First impression of the classic story of a girl whose name became a byword for unbearable optimism. Far from being a Panglossian authority figure who believes that all is for the best in this best of all possible worlds, Porter’s Pollyanna Whittier is a prototypical plucky girl orphan whose indomitable refusal to believe in her own misfortunes sharply limits the ability of her guardians to inflict torments upon her.
The bright American twin of that other beloved orphan girl, Anne Shirley, Pollyanna Whittier uses fantasy and dream not as a subversive escape from reality, but as a frontal assault on it; conquering her own spinster aunt not through elfin strangeness but by aggressive piety and relentless cheer. Like Hamlet in the later stages of theatrical madness, Pollyanna knows there’s nothing either good nor bad but thinking makes it so: “When you look for the bad, expecting it, you will get it,” she says, and goes on playing her sinister-sounding “Glad Game” throughout her life.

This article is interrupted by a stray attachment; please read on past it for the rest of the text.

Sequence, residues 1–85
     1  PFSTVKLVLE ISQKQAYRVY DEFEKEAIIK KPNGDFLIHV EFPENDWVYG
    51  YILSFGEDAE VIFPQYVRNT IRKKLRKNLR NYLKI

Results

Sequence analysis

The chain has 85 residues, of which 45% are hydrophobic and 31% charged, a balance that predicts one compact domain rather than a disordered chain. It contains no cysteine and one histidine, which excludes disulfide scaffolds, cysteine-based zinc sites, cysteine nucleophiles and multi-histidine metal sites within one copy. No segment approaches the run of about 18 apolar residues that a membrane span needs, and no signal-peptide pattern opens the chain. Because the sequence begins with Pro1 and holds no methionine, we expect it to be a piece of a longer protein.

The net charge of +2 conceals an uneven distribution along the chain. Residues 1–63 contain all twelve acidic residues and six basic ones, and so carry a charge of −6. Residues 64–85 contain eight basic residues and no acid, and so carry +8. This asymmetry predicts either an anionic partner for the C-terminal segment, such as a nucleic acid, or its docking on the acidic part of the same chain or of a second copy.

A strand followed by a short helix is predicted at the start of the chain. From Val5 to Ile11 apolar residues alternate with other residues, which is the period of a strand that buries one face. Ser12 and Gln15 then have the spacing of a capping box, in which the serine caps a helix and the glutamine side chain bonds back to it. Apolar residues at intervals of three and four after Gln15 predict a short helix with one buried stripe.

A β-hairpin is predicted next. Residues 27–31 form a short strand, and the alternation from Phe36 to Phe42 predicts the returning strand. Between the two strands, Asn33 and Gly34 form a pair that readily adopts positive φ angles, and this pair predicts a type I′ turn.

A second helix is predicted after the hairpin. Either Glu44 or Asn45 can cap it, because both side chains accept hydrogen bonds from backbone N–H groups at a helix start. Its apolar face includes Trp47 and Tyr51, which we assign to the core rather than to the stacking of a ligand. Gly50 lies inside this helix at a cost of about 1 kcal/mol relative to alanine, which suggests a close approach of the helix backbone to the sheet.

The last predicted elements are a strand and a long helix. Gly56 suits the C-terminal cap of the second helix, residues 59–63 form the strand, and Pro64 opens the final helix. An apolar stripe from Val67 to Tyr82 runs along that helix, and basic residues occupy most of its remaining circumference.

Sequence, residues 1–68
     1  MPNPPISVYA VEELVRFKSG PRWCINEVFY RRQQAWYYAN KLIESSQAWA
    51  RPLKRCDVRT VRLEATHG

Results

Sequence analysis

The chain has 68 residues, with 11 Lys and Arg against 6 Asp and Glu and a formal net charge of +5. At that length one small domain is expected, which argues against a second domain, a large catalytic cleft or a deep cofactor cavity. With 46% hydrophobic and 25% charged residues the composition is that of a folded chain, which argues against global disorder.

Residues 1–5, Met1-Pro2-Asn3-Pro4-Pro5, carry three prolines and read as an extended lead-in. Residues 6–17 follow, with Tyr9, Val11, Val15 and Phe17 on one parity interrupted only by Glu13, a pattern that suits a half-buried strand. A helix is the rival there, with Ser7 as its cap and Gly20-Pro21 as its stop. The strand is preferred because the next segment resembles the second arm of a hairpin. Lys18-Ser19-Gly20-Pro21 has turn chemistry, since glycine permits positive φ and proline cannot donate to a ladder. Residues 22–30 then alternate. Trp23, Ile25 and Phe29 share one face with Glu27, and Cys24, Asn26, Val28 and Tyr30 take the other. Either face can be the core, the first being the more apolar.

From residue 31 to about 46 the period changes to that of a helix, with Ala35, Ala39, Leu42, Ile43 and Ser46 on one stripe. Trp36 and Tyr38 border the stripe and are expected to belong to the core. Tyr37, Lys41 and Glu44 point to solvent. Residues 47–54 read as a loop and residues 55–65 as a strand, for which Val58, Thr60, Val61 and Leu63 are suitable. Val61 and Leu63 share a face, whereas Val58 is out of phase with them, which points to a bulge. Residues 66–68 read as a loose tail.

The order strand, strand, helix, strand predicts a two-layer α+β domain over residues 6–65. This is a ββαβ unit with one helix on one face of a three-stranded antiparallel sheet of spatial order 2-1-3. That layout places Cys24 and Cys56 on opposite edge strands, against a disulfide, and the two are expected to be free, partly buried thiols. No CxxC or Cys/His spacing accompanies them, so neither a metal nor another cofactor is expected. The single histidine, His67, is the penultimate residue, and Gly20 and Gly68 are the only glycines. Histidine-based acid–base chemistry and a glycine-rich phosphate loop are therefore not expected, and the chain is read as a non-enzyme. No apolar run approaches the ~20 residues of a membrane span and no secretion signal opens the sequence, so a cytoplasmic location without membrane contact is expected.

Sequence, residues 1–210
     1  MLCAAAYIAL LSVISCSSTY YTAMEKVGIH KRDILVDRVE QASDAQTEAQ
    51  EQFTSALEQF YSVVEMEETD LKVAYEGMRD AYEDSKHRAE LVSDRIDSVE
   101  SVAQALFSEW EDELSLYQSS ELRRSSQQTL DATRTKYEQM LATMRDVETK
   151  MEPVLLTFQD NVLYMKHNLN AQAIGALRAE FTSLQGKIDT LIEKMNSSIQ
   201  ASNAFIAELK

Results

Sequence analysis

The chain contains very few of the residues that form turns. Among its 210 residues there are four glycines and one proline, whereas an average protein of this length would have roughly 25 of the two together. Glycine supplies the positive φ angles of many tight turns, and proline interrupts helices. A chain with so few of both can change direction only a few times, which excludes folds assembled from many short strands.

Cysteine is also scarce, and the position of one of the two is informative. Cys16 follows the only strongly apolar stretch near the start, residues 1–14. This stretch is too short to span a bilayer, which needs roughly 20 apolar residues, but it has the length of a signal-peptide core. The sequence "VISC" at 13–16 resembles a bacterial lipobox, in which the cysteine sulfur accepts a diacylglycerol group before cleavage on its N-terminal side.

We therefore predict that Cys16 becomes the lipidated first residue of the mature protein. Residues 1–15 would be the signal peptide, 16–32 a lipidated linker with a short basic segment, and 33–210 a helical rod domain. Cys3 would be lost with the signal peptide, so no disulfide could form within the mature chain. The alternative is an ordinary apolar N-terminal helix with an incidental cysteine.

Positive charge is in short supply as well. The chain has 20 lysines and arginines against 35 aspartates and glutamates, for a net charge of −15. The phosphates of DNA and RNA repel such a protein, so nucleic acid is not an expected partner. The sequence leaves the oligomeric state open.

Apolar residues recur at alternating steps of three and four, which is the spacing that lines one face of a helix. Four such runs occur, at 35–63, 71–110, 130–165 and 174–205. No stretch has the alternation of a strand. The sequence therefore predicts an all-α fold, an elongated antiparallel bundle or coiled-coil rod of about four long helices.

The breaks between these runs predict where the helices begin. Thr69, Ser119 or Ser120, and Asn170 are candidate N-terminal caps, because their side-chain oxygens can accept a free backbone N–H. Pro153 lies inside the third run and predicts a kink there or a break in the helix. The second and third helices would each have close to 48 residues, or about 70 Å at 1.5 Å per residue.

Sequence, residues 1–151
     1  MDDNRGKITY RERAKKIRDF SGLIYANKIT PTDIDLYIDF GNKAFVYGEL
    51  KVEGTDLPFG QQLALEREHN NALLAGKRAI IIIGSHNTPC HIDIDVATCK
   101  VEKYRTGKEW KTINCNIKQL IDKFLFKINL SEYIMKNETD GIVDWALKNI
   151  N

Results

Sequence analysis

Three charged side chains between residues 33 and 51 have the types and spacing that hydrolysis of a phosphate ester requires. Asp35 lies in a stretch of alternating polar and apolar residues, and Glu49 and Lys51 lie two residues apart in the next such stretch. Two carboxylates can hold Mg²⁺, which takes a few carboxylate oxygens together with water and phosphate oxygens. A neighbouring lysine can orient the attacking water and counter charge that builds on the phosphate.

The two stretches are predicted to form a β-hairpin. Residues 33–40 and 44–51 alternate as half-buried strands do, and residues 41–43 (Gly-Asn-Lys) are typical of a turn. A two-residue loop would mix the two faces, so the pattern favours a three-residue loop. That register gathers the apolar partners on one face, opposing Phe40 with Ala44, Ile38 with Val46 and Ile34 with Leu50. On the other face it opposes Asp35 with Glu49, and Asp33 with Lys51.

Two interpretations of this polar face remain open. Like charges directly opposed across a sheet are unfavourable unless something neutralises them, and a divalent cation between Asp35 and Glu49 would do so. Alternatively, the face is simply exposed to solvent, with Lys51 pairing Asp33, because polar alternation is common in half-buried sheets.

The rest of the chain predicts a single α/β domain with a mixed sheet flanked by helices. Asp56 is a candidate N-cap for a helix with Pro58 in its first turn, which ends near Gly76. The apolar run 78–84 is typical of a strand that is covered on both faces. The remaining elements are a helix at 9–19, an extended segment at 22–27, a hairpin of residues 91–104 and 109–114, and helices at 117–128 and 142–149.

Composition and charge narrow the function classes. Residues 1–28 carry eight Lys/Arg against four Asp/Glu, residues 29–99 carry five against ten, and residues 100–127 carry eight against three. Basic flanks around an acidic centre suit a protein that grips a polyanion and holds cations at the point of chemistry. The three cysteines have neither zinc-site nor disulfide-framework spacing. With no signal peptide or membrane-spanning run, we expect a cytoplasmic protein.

This philosophy, so resonant with a nation that never tires of counting its blessings, inspired numerous adaptations for the stage and screen-starring everyone from Mary Pickford to Hayley Mills-and even a Pollyanna-branded “Glad Game” board game from Parker Brothers.